This section is from the book "Animal Physiology: The Structure And Functions Of The Human Body", by John Cleland. Also available from Amazon: Animal Physiology, the Structure and Functions of the Human Body.
The Uterus Or Womb is a muscular organ placed, in ordinary circumstances, within the pelvis. It is a pear-shaped body about three inches long, flattened from before backwards, and connected with the abdominal wall in each groin by means of a round ligament. When clipped open it is seen to have exceedingly strong walls; its lower portion, the cervix, extending for about an inch upwards from the mouth or inferior opening (os externum), surrounds a separate cavity with rugose mucous membrane, divided by a constriction (os internum) from the smoothly-lined main cavity, destined for the reception and development of the ovum. This main cavity, contained within the body or fundus of the uterus, although destined to undergo enormous temporary enlarge-axent in pregnancy, is of small size at other times, with its anterior and posterior walls in contact, and its three borders, one above and one at each side, all bulging inwards. The upper angles are distinguished as the cornua, being parts which in many of the lower animals are greatly elongated, so as to render the uterus completely forked. Into each cornu opens a long narrow duct, the Fallopian tube, which extends outwards in front of the ovary, and terminates immediately beyond it in an expanded and fringed opening, the fimbriated extremity, which leads from the peritoneal cavity, and makes a communication between it and the outside of the body. In animals in which the cornua are developed, they are the parts which lodge the young. Thus, in a sheep with one lamb, the lamb occupies one cornu; if there be twin lambs, they lie one in each cornu; and in animals which have a litter of young, the embryos are ranged in series in separate membranes along the length of each cornu.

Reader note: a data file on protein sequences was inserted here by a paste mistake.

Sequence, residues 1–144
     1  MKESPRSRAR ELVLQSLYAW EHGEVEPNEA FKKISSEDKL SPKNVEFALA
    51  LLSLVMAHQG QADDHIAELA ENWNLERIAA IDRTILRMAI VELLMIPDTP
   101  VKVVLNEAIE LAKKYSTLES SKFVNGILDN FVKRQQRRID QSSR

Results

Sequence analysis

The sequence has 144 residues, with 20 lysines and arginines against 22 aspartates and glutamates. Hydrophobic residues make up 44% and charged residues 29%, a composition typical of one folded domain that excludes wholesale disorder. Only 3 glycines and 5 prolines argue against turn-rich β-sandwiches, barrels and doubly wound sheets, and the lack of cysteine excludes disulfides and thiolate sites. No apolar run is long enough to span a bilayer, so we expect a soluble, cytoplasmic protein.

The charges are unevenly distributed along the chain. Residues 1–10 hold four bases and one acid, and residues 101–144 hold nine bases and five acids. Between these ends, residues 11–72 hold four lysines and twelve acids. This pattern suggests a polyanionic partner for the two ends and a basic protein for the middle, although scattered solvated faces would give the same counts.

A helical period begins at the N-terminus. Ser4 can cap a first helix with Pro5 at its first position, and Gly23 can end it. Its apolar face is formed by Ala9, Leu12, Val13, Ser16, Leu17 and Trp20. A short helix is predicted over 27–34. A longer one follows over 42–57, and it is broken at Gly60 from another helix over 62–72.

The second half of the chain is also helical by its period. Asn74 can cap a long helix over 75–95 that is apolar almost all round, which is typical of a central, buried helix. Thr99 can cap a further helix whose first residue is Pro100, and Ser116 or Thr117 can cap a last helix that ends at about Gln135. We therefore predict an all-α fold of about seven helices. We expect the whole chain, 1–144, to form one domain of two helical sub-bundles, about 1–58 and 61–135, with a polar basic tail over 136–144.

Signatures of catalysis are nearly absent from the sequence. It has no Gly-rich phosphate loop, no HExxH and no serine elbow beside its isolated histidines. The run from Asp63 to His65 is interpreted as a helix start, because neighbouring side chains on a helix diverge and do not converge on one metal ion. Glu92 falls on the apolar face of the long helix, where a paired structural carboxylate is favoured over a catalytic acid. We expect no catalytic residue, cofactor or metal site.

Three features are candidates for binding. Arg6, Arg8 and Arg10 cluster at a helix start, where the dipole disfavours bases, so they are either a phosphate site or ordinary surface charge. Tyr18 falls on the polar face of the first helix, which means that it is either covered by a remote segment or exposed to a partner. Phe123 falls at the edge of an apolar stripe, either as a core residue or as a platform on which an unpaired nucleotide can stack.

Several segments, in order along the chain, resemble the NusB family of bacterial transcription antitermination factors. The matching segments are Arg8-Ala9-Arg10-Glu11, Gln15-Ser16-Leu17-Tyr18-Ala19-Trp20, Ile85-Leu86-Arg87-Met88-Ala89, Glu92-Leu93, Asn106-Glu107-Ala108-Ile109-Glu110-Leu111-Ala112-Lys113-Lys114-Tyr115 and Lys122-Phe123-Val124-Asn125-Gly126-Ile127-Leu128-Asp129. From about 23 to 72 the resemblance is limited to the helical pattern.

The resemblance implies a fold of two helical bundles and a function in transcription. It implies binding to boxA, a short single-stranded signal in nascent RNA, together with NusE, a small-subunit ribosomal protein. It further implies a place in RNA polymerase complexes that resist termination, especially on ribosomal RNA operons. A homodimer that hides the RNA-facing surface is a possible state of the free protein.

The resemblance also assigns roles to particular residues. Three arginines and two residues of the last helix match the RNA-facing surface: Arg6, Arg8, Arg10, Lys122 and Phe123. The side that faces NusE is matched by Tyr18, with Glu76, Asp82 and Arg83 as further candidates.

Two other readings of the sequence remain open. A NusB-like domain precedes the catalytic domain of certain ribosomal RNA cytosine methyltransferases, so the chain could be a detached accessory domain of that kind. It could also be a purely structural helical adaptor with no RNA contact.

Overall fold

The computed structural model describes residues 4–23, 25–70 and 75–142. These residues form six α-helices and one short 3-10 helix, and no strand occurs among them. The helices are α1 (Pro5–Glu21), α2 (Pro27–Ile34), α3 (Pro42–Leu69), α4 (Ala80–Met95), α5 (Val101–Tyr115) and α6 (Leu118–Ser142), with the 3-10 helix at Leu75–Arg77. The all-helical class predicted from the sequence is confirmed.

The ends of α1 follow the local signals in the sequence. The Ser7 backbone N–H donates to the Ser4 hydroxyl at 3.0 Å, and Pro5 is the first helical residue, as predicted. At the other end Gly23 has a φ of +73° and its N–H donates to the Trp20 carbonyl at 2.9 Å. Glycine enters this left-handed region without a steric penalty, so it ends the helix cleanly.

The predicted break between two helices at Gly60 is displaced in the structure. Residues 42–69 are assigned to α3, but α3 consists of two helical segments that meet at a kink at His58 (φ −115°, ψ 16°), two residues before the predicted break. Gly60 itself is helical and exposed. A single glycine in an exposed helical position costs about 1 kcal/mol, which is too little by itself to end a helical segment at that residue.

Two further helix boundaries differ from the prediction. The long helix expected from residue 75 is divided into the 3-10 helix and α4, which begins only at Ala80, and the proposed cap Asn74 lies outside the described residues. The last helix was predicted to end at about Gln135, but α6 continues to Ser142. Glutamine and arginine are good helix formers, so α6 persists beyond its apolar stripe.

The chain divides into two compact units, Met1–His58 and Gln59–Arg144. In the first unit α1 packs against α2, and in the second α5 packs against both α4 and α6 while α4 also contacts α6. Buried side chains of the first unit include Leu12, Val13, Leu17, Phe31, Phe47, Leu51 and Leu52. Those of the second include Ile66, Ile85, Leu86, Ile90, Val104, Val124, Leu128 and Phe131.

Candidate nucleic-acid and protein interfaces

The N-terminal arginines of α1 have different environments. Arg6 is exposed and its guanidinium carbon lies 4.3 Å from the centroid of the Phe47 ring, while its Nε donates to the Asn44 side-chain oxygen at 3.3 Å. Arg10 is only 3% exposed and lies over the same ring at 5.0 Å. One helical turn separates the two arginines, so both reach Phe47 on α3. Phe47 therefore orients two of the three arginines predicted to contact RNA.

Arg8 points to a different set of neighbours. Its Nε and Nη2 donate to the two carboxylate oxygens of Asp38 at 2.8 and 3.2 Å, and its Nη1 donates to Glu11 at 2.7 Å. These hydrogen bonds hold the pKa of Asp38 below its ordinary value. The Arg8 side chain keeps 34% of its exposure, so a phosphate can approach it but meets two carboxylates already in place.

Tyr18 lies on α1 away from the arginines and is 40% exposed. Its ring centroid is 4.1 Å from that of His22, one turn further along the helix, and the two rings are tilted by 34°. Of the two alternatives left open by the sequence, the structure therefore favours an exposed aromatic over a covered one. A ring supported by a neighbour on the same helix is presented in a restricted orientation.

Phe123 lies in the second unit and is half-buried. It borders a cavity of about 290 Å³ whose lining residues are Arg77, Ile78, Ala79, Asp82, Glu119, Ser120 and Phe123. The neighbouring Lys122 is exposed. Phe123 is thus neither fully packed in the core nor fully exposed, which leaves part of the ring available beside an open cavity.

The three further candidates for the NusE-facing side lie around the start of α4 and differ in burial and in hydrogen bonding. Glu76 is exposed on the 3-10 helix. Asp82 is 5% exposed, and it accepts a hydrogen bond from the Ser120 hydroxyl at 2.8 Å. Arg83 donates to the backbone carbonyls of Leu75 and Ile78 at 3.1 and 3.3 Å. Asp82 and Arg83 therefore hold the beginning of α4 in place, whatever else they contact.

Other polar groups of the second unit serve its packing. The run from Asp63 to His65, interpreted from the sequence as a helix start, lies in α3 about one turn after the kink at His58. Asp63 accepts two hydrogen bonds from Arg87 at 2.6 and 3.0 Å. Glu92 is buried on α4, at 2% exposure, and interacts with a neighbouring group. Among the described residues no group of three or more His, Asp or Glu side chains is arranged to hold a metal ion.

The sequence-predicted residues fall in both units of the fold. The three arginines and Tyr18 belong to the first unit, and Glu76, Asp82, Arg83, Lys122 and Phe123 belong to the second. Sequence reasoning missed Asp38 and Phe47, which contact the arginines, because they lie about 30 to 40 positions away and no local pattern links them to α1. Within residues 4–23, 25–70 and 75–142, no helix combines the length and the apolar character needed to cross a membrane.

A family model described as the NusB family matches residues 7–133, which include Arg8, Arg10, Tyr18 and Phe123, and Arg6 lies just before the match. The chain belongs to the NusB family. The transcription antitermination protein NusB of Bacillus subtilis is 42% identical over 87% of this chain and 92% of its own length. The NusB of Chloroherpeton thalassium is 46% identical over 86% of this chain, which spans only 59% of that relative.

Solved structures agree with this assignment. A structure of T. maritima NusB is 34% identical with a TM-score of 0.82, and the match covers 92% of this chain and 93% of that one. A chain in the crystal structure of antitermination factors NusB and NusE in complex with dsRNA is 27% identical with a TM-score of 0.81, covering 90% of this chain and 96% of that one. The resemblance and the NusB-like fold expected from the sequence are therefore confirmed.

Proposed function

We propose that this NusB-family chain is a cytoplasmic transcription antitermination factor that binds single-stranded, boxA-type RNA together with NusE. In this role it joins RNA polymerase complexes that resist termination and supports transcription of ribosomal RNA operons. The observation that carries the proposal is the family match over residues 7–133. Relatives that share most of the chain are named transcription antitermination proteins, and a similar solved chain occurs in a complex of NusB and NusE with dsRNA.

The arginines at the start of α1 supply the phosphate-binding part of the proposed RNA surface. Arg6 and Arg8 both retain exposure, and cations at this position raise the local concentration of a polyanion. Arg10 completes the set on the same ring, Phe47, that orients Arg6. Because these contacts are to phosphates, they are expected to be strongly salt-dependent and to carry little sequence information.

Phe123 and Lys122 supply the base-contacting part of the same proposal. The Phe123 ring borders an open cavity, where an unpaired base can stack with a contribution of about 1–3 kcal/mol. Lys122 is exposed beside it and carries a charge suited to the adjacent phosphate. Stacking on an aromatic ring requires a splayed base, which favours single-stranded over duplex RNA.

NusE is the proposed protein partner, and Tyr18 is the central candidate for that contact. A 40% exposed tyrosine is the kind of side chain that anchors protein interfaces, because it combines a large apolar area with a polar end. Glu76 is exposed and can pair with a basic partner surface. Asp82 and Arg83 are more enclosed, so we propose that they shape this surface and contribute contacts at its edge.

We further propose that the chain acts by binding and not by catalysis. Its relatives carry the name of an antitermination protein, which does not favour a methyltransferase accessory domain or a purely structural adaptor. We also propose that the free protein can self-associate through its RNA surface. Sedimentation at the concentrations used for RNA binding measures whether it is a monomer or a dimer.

Fig. 142. Uterus of Sheep. a, a, The cornua.